Simple Tips for Capturing Great Landscape Photographs

If you can live by the belief that photographs are not taken but made, you have a better chance of capturing the most enthralling images ever. To help you achieve this end, you should consider the following important tips.

  • Settle for high vantage locations that provide a commanding view of the scenery. If your camera gives you better control over exposure settings (for example SLR) you should use a small aperture. Ideally, this should be f/11 or f/16. This is perfect as it makes it easy to keep things in focus.
  • There are times considered ideal for capturing great pictures and you should rely on the same. For instance, early mornings and late evenings are seen as the best times for capturing the best landscapes. This is because during these times, the angle of the Sun makes it easier to pick out the shadows as well as reveal different types of textures.
  • As a photographer, you should not assume that you can capture the best images by the roadside. What you need to do is go for long treks and look around to find the most captivating locations.
  • Use wide angle lenses since they make it easy for you to use more frames and this opens a wide perspective for you. What is more, with a zoom lens that is wide, you also get more latitude when framing the scene and this makes it easy to crop features and capture the best attributes of the landscape.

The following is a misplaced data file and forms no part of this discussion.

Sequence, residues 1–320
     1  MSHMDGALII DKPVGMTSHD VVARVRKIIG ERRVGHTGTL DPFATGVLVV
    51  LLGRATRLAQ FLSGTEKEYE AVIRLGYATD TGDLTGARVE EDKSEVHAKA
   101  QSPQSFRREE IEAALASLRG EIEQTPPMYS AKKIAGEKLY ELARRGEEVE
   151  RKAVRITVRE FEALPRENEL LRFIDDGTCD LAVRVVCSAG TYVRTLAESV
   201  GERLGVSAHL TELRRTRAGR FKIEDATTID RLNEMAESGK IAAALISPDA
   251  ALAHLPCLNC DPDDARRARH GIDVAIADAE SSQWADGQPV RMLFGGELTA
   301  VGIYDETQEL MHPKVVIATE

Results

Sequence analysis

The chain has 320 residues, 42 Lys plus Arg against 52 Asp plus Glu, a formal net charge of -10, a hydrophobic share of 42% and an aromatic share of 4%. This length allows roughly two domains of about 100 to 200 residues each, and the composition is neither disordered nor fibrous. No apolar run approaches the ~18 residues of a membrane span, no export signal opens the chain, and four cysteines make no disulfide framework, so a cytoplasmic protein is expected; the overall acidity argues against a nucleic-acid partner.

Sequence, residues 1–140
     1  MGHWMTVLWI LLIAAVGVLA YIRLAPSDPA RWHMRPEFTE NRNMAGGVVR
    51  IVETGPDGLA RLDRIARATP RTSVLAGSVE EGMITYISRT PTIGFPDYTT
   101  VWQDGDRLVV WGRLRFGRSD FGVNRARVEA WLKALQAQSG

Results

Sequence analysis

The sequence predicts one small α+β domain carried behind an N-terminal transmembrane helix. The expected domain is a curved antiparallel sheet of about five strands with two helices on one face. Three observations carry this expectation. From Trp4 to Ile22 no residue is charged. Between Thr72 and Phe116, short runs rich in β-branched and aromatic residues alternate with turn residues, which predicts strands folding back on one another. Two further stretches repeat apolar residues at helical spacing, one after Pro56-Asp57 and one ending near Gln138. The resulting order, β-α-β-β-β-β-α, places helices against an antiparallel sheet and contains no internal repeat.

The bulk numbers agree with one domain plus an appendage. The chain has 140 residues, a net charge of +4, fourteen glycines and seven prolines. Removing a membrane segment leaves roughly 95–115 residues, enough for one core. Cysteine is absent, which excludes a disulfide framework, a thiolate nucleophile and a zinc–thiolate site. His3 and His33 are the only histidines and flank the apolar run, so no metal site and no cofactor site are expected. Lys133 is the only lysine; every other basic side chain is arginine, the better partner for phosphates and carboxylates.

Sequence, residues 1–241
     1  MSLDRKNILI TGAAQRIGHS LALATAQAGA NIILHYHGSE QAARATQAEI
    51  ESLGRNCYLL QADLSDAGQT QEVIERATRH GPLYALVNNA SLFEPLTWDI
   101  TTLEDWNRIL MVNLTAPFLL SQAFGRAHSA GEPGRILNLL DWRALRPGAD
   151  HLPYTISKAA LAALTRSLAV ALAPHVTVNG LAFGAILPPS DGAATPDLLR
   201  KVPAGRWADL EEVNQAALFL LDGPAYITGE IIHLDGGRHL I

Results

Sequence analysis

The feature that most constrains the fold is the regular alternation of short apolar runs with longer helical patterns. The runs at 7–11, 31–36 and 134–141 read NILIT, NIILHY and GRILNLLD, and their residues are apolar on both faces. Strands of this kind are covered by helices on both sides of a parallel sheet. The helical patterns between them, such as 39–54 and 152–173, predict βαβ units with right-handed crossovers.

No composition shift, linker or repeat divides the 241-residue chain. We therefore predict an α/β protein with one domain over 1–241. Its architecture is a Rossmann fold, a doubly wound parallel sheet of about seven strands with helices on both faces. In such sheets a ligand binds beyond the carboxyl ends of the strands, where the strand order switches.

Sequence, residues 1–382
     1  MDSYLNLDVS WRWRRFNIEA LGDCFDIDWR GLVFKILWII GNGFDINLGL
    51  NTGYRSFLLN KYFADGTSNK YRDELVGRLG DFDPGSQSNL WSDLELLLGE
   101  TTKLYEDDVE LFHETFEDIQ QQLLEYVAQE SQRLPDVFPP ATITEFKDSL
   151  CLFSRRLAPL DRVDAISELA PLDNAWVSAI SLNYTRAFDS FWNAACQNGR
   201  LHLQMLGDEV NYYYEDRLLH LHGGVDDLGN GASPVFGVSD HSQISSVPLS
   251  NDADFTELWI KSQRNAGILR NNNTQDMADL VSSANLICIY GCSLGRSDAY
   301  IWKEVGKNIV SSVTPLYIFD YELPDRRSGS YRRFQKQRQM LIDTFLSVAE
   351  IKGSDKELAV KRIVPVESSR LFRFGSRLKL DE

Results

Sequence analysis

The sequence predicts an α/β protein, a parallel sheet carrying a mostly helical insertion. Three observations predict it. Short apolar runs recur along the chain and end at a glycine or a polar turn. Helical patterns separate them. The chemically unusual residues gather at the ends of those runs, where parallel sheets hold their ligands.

• Create depth into your pictures by placing something in the foreground of the shot. While at it, you should also use an aperture that is smaller in order to keep things in focus.
  • Another valuable yet simple tip is to anchor the camera to your tripod. This is important simply because it slows down the pace while shooting and thus, ensures that you end up with great pictures. It is advisable to get a model that is light in order to ensure you don’t have any issues when walking long distances.
  • The scenes you choose should be easy to crop at the bottom and top in order to end up with letter-box panoramic photos. These are dramatic and often seen as the best landscape photographs.
  • For the purpose of darkening the sky, it is advisable to use polarizing filters. This has the ability of saturating the colors. This is a must have for all landscape photographers.
  • Graduated gray or density neutral filters can also be used for darkening the sky and thus reducing the contrast between the sky and the landscape.